Designed for the Brooklyn Botanic Garden in 1914 by Japanese-American landscape architect Takeo Shiota, this was among the first Japanese gardens constructed in an American public space. The 3.5-acre garden combines the ancient hill-and-pond style, referencing mountains and oceans, with a more modern stroll-garden that reveals waterfalls, rocks, and wooden bridges along winding paths. The pond, which serves as the garden’s central organizing feature, contains an island and a traditional “Torii” viewing gate which are intended to focus the visitor’s attention inwardly. Borrowed views of the surrounding botanic garden are hidden and revealed by sculpted hills and groves of trees. Maples, cherries, and wisteria are planted for seasonal color, while pines and cypresses provide year-round cover. Stone lanterns and carefully placed rocks and boulders are focal points in the landscape and along the path, while a viewing pavilion, also used as a tea house, offers a panoramic view of the garden. A shrine built in 1960 replaced Shiota’s original, which was burned in 1939 by anti-Japanese demonstrators.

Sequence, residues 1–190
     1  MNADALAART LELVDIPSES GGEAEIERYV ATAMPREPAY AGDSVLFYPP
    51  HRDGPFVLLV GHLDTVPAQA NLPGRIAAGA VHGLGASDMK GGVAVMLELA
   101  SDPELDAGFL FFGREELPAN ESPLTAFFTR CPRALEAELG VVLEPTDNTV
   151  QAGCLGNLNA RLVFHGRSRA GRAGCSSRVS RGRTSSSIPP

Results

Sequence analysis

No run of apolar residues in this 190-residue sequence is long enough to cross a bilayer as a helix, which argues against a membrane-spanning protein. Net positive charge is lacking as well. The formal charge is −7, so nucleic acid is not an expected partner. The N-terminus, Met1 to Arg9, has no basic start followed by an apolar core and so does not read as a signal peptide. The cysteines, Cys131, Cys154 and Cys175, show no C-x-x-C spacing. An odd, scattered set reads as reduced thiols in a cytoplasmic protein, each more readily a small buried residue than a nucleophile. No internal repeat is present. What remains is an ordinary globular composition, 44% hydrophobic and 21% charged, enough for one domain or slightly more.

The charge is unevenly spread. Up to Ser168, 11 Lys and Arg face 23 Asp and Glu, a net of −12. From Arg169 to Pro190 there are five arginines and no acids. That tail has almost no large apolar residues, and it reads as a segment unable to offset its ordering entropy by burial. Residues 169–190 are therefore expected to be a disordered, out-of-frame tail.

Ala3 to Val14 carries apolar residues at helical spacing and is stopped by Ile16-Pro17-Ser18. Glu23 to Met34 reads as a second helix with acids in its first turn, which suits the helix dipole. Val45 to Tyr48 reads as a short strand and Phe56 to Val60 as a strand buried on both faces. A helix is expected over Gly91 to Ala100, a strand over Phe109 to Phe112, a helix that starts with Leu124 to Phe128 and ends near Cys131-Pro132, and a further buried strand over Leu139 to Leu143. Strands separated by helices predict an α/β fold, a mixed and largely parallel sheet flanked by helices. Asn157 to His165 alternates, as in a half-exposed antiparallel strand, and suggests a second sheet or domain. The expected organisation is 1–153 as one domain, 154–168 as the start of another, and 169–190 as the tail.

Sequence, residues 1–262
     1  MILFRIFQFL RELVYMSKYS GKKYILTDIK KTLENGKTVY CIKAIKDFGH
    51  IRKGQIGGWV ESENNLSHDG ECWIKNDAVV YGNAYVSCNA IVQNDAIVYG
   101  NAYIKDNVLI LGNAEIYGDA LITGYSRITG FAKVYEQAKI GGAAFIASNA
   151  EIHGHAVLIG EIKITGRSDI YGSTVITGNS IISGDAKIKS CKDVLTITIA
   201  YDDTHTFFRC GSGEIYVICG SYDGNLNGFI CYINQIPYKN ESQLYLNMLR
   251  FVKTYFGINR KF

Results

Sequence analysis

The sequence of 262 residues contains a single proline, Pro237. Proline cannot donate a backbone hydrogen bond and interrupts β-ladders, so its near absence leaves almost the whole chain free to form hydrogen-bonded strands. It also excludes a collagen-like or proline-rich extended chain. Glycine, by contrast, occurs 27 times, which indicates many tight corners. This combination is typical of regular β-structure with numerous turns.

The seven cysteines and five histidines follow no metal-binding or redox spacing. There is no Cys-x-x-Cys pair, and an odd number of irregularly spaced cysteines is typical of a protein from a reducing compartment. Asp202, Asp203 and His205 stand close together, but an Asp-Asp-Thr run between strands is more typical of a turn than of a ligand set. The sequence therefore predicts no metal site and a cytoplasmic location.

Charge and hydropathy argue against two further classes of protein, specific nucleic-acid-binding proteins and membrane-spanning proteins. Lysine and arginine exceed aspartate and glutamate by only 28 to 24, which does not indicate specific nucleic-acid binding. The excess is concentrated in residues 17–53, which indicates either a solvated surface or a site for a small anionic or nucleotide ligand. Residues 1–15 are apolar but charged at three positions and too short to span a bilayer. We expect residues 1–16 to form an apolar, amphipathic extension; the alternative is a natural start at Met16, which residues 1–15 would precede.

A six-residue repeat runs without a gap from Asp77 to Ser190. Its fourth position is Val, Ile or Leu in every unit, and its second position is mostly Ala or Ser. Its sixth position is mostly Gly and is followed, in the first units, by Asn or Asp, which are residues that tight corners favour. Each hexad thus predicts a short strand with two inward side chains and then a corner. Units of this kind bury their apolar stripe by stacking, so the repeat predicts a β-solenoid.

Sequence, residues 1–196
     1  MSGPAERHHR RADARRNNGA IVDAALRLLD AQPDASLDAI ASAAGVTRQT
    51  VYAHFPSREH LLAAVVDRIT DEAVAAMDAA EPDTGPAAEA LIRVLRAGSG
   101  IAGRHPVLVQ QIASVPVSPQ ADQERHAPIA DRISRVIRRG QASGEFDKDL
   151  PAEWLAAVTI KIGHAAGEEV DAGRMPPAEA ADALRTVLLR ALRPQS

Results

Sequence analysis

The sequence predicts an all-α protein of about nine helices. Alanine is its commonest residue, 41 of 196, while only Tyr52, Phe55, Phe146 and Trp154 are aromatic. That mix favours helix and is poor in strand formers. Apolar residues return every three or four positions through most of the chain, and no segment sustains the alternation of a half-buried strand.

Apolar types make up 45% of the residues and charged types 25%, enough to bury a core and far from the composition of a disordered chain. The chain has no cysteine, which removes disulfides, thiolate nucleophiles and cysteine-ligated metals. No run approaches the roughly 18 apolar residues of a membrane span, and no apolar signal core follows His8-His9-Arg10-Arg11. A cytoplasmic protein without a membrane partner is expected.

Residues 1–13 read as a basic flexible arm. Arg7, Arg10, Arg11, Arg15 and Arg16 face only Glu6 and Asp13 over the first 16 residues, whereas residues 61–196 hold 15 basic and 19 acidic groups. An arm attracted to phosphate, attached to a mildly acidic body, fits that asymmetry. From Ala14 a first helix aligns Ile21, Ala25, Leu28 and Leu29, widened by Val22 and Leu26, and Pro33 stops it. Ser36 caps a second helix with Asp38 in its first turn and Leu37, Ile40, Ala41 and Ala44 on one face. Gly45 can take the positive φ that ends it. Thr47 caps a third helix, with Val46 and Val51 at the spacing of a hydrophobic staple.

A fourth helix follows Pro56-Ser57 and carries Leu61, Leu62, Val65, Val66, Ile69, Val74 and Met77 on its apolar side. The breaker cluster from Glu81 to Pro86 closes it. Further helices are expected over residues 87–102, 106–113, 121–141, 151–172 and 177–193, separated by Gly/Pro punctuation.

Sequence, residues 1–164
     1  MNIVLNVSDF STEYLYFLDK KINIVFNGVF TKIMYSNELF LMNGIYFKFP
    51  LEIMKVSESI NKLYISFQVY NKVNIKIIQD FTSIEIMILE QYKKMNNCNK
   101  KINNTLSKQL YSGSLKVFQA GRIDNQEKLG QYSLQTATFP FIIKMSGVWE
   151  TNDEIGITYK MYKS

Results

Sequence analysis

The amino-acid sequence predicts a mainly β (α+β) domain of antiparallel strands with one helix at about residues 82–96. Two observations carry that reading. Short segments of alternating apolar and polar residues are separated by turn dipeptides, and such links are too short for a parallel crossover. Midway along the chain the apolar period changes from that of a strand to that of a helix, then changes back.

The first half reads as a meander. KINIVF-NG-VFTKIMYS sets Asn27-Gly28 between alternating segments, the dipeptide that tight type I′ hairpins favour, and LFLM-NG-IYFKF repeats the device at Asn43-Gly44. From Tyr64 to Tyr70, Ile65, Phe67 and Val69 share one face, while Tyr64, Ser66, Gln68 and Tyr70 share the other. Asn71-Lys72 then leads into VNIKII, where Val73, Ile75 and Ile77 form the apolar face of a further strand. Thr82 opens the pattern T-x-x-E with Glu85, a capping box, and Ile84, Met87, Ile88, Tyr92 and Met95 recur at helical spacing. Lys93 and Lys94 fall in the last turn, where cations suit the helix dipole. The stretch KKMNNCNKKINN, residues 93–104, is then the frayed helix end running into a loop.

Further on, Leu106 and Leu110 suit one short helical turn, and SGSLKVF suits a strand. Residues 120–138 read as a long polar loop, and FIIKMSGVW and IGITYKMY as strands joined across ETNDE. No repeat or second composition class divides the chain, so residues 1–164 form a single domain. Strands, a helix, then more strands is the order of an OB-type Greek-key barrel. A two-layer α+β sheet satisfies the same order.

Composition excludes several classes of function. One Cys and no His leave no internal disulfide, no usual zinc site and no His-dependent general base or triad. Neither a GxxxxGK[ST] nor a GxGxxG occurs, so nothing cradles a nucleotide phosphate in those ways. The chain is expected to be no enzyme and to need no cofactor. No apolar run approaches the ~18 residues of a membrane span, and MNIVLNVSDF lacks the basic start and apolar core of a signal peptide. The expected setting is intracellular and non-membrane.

In 1999 and 2000 the garden was returned to Shiota’s design when Vollmer Associates stabilized and dredged the pond, repaired the eroded shoreline, and replaced the traditional wooden fence surrounding the garden. New plants have been added and the viewing pavilion has been updated for accessibility. Rustic materials used in the construction of the bridges, fences, and structures are sympathetic with Shiota’s original design intent.